KNOXVILLE -- There was no suspension at the end of the saga.
At different points Friday afternoon, however, it was looking that way for Tennessee receiver Da'Rick Rogers.
A source inside the UT football program told the Times Free Press that the talented sophomore was facing an "indefinite suspension" similar to the Janzen Jackson situation from last season. Rogers was not dismissed from the program and could earn his way back onto the team, the source said.
Other reports on Rogers' status that surfaced Friday varied from a dismissal to a spot in limbo off the active roster, but Volunteers coach Derek Dooley finally set it straight early Friday evening.
"Da'Rick Rogers has not been suspended and is still a part of our football team," the coach said in a statement released by the UT football program's Twitter account.
Nevertheless, there's still a spot in Dooley's doghouse for Rogers, the 6-foot-3, 215-pound star from Calhoun, Ga. A source close to Rogers told the Times Free Press that while he is not suspended, he will face some internal disciplinary measures. Both the degree and the reason for the discipline are uncertain.
With fellow sophomore receiver Justin Hunter knocked out for the season in the Vols' third game, Rogers flourished as the best player on UT's offense. He led the Southeastern Conference in receptions (67) and receiving yards (1,040) and caught nine touchdown passes. His 10 catches for 116 yards and two touchdowns against Vanderbilt briefly saved UT's hopes for a bowl berth.
Kentucky dashed those hopes and ended a 26-game losing streak to the Vols last week. The fallout from the 5-7 season began Thursday with receivers coach Charlie Baggett's decision to retire. It continued Friday as the status of one of the Vols' most talented players came into question.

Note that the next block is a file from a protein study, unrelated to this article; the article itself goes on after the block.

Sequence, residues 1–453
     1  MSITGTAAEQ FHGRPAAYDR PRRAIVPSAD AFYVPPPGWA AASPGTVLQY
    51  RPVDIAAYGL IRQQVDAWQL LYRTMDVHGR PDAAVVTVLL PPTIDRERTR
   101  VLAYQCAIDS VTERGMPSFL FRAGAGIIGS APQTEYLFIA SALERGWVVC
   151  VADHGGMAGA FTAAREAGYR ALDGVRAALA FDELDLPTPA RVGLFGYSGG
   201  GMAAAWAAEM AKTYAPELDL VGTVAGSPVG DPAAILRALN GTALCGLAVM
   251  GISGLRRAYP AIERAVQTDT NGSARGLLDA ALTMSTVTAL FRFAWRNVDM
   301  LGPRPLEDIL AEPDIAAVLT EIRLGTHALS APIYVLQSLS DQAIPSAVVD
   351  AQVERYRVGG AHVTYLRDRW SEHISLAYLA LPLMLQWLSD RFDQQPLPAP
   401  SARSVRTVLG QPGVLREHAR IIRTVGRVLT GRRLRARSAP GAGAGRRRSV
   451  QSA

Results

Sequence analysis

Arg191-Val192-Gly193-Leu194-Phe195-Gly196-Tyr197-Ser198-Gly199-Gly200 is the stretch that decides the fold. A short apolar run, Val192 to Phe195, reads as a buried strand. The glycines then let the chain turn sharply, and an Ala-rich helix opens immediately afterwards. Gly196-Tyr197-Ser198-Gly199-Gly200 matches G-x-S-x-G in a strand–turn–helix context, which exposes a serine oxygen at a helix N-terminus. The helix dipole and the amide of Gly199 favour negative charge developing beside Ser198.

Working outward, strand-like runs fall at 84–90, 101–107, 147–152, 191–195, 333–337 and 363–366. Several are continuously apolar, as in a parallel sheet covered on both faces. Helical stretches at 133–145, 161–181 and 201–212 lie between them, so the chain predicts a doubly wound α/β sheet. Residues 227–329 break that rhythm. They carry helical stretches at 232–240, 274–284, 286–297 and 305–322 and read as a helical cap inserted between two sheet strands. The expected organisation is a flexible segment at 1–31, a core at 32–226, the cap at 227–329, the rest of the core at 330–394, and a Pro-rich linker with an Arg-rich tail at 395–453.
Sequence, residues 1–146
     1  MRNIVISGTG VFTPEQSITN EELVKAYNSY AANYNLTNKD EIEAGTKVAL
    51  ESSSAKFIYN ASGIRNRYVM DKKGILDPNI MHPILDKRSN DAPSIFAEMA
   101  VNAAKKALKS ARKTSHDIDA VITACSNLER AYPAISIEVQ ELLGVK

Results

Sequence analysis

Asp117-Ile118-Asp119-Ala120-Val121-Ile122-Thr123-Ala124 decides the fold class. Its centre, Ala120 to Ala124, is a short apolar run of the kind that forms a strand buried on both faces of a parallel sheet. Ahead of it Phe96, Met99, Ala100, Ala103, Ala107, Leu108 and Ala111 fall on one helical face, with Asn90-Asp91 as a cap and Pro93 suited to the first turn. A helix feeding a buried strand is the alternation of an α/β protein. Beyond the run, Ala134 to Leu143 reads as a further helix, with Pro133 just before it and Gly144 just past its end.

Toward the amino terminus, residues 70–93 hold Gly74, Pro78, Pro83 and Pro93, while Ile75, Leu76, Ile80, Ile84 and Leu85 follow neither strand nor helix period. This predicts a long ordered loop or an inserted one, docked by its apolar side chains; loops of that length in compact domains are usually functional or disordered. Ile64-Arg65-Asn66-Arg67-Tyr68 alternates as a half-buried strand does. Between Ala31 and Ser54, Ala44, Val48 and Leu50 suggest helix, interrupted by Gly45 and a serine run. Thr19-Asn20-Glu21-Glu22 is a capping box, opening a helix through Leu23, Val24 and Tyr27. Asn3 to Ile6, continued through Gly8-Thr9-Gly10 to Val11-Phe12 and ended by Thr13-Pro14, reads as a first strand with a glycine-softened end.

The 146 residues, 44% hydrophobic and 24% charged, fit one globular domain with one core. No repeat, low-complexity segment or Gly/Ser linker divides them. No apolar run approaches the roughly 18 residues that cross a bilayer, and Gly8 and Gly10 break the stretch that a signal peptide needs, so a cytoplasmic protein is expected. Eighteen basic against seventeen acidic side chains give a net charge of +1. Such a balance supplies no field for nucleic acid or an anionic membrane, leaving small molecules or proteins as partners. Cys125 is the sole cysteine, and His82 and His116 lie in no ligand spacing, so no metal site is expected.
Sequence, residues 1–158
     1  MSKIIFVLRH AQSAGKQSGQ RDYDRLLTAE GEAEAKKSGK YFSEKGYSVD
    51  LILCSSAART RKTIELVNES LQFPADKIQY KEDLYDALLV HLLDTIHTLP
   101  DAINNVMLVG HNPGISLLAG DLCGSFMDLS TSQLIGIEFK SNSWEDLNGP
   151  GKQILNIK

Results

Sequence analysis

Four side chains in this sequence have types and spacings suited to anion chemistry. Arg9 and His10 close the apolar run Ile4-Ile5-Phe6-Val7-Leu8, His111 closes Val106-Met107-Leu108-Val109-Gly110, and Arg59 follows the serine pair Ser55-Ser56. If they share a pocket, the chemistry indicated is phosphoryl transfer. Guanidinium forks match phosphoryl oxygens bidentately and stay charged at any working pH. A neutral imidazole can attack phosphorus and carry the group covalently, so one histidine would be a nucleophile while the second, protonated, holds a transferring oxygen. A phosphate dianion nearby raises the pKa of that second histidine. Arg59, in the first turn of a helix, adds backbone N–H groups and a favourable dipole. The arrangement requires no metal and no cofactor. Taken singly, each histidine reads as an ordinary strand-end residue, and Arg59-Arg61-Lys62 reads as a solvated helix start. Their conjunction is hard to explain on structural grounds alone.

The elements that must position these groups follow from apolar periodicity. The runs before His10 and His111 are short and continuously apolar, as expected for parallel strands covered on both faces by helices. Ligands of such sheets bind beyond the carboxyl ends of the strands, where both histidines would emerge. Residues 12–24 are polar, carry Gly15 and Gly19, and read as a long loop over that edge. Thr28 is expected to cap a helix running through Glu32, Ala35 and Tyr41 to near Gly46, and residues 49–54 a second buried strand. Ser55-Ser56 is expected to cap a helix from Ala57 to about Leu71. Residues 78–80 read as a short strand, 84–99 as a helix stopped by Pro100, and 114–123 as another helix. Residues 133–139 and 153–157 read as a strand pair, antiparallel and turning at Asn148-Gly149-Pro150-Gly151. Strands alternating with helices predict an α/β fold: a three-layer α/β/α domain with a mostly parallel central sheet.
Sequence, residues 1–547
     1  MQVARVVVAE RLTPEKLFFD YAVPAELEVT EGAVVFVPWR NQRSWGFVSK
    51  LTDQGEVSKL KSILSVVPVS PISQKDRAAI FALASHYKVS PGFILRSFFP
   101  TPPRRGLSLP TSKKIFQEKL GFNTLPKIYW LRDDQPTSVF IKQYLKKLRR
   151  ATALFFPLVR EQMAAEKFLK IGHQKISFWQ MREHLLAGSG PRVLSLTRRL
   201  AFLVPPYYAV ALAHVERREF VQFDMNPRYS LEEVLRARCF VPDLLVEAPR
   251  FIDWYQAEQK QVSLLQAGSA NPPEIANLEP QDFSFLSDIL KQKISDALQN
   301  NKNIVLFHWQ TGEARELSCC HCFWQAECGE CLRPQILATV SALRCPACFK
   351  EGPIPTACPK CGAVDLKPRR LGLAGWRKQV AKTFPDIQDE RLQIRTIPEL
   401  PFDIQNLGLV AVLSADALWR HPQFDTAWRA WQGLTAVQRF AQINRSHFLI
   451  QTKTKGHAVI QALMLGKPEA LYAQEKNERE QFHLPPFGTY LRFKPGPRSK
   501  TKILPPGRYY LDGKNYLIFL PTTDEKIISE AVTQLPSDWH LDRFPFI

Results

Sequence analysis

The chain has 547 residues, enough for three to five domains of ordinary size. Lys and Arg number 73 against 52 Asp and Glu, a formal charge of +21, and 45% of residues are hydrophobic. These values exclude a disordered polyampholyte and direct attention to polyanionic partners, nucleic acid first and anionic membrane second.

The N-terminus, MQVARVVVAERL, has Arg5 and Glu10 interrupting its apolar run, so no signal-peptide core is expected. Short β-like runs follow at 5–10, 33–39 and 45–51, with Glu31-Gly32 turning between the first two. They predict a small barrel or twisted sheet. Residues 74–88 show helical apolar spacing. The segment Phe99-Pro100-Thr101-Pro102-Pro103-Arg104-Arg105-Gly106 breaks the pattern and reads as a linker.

For all of Rogers' physical abilities, he went through a stretch this season, when starting quarterback Tyler Bray missed five games with a broken thumb, in which he appeared visibly frustrated during games and on the sideline due to increased attention from defenses and the Vols' offensive ineptitude.
He was flagged for taunting a Middle Tennessee State defensive back after a touchdown catch in UT's homecoming win. There were practices when Rogers appeared not to go full speed, though his performance didn't suffer and Baggett said early last month that Rogers had amped up his practice performances with UT relying on him so heavily.
After he withdrew from school last February, Jackson, the Vols' talented and troubled safety, had to earn his way back onto the team. The junior stayed in Knoxville, worked part-time with UT's maintenance staff and re-enrolled in school in July. His return was short-lived, though, as Jackson ultimately was dismissed a little more than a week before the season opener.
Dooley's statement would appear to indicate that Rogers is not in the same situation. The coaching staff has been on the road visiting commitments and prospects, and the players had a regularly scheduled team meeting Friday afternoon. A set of official visitors are on campus this weekend, and the Vols are in the middle of final exams as what's certain to be a long offseason begins.
Rogers will be a part of it.